Intriguingly, as its etymology vouches, it is the word lugha that ushers in the plural in imagination which in turn coalesces into more plurals with every suspicion of what it is that is a language. To repel the deficiencies of language or to constantly remember the deficient body of language that is, is to speak language. Indeed, it is this inherent deficiency in language that prompted the 10th-century Muslim scholar, Abū Manṣūr Al-Azharī (895–980 AD), to poignantly place language under the category of ‘one of the deficient nouns’ which journeys from another, presumably more complete and less popular, word: lughwa (morphologically larger than lugha). Premised on the above change, as language has evolved, instead of gaining more limbs to counter this self-inflicted incompleteness, it has in effect lost one more letter, the sound w, from lughwa to lugha. This historical contraction of the word, as Arab philologists advocate, is primarily to make the word ‘language’ more accessible to its utterers by virtue of shortening the distance between the mouth and the ear. Thus, by making the word less visible, language is made more accessible. This metamorphosis, from one feminine word to another, also consumes within it the journey that the meaning itself has undergone.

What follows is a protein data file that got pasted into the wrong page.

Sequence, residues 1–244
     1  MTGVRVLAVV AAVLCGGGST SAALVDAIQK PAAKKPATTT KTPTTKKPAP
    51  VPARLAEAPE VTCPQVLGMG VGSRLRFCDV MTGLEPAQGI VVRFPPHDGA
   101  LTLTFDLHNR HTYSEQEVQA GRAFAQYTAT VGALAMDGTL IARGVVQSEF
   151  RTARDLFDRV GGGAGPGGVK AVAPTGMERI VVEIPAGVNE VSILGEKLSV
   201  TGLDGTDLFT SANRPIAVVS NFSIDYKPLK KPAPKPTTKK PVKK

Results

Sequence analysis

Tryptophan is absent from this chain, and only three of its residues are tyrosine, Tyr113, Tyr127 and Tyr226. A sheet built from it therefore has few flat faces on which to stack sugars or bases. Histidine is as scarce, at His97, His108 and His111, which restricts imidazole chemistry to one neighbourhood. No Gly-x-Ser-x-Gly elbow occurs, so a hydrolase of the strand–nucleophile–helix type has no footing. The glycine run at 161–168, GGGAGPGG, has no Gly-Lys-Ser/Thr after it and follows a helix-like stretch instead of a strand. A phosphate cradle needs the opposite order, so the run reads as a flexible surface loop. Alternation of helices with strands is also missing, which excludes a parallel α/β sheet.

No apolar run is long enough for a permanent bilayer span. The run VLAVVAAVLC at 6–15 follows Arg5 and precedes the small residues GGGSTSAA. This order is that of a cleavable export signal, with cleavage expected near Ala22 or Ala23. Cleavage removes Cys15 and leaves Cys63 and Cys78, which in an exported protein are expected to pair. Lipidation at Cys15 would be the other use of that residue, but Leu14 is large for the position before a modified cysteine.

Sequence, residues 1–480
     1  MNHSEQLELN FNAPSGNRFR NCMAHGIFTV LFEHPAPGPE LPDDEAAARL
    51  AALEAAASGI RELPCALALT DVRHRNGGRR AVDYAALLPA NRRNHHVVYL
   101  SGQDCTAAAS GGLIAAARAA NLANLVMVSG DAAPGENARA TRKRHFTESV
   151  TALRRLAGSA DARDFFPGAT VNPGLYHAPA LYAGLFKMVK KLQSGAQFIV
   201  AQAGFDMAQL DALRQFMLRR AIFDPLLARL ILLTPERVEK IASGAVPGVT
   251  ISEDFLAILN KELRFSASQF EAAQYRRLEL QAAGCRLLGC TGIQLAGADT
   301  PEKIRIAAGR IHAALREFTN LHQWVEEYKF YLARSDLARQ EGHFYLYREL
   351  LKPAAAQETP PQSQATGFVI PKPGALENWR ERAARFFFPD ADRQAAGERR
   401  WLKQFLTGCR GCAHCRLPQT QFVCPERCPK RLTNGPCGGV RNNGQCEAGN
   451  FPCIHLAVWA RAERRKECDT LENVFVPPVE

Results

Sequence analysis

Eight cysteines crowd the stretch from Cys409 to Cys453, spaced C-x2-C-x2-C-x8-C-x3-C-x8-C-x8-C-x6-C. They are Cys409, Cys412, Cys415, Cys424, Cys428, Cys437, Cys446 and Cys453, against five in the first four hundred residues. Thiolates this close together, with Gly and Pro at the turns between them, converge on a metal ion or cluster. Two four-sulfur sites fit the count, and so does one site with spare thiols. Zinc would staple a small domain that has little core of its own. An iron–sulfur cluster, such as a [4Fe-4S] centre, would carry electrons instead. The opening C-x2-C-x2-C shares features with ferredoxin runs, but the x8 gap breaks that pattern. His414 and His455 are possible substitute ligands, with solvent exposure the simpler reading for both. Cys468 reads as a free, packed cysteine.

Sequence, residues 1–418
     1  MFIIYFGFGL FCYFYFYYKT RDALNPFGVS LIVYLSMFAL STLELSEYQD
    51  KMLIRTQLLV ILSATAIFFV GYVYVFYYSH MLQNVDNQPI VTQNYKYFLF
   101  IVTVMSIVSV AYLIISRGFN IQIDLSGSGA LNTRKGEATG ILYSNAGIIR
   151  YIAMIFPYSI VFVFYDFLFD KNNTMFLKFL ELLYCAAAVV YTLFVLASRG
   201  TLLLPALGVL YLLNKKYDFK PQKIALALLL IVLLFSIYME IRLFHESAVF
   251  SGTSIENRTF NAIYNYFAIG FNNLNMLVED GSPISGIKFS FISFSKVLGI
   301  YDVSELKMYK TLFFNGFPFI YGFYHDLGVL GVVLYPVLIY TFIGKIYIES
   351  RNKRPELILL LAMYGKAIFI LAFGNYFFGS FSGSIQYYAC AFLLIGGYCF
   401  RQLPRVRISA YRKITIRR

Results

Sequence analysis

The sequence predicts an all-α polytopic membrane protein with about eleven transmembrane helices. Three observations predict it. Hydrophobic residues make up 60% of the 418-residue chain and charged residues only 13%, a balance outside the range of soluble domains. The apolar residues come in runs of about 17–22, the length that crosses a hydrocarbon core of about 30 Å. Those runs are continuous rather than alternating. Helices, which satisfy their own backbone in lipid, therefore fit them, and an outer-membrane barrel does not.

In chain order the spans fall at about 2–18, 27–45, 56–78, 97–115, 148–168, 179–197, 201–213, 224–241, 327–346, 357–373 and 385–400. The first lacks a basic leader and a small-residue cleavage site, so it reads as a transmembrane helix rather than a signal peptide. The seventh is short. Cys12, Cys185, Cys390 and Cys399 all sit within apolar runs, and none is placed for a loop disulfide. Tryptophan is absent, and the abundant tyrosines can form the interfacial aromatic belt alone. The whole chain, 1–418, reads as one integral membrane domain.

Take the following word, for example: derived from the same root, laghā is the (camel) calf that cannot be counted towards indemnity or blood money due to its insignificant stature and vulnerable age and therefore cannot be relied upon to outweigh the severity of what has been committed in the first place. Such corporeal and temporal facets inherent within language become even more discernible as soon as the somatic body of the word is taken into consideration, and the way in which proximity to meaning is so predisposed to the changes the word lugha itself has undergone in the first place. Let me explain: the word that is supposed to delimit meaning or, at minimum, establish a closer bond with what is considered meaning, has itself endured multiple alterations, including, in particular, semantic and morphological ones, in doing so rendering it in the flesh a true reflection of its substance. Indeed it is the assumption that speaking more than one tongue is, to quote Abdelfattah Kilito, ‘to be on the right or on the left’ of language itself.

Thresholds as/of the house and home